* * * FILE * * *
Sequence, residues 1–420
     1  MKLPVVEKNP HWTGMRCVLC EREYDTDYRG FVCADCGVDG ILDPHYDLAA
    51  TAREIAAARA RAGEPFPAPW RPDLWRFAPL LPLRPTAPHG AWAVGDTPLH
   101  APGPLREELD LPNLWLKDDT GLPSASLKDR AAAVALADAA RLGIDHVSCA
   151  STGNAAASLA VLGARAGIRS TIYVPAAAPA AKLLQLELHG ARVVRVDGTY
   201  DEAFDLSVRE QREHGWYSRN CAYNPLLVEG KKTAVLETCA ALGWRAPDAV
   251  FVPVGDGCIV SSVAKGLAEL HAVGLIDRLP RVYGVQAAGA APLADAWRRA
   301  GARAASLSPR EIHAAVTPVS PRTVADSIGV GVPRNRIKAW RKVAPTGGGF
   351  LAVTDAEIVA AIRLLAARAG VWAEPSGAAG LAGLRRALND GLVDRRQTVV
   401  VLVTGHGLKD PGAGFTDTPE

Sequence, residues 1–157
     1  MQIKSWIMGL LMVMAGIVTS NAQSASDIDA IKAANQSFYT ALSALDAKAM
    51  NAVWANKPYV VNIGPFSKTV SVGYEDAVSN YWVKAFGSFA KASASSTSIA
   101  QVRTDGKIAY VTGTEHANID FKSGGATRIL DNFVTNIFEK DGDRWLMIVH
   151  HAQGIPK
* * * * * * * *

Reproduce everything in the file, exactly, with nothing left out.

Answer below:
Sequence, residues 1–420
     1  MKLPVVEKNP HWTGMRCVLC EREYDTDYRG FVCADCGVDG ILDPHYDLAA
    51  TAREIAAARA RAGEPFPAPW RPDLWRFAPL LPLRPTAPHG AWAVGDTPLH
   101  APGPLREELD LPNLWLKDDT GLPSASLKDR AAAVALADAA RLGIDHVSCA
   151  STGNAAASLA VLGARAGIRS TIYVPAAAPA AKLLQLELHG ARVVRVDGTY
   201  DEAFDLSVRE QREHGWYSRN CAYNPLLVEG KKTAVLETCA ALGWRAPDAV
   251  FVPVGDGCIV SSVAKGLAEL HAVGLIDRLP RVYGVQAAGA APLADAWRRA
   301  GARAASLSPR EIHAAVTPVS PRTVADSIGV GVPRNRIKAW RKVAPTGGGF
   351  LAVTDAEIVA AIRLLAARAG VWAEPSGAAG LAGLRRALND GLVDRRQTVV
   401  VLVTGHGLKD PGAGFTDTPE

Sequence, residues 1–157
     1  MQIKSWIMGL LMVMAGIVTS NAQSASDIDA IKAANQSFYT ALSALDAKAM
    51  NAVWANKPYV VNIGPFSKTV SVGYEDAVSN YWVKAFGSFA KASASSTSIA
   101  QVRTDGKIAY VTGTEHANID FKSGGATRIL DNFVTNIFEK DGDRWLMIVH
   151  HAQGIPK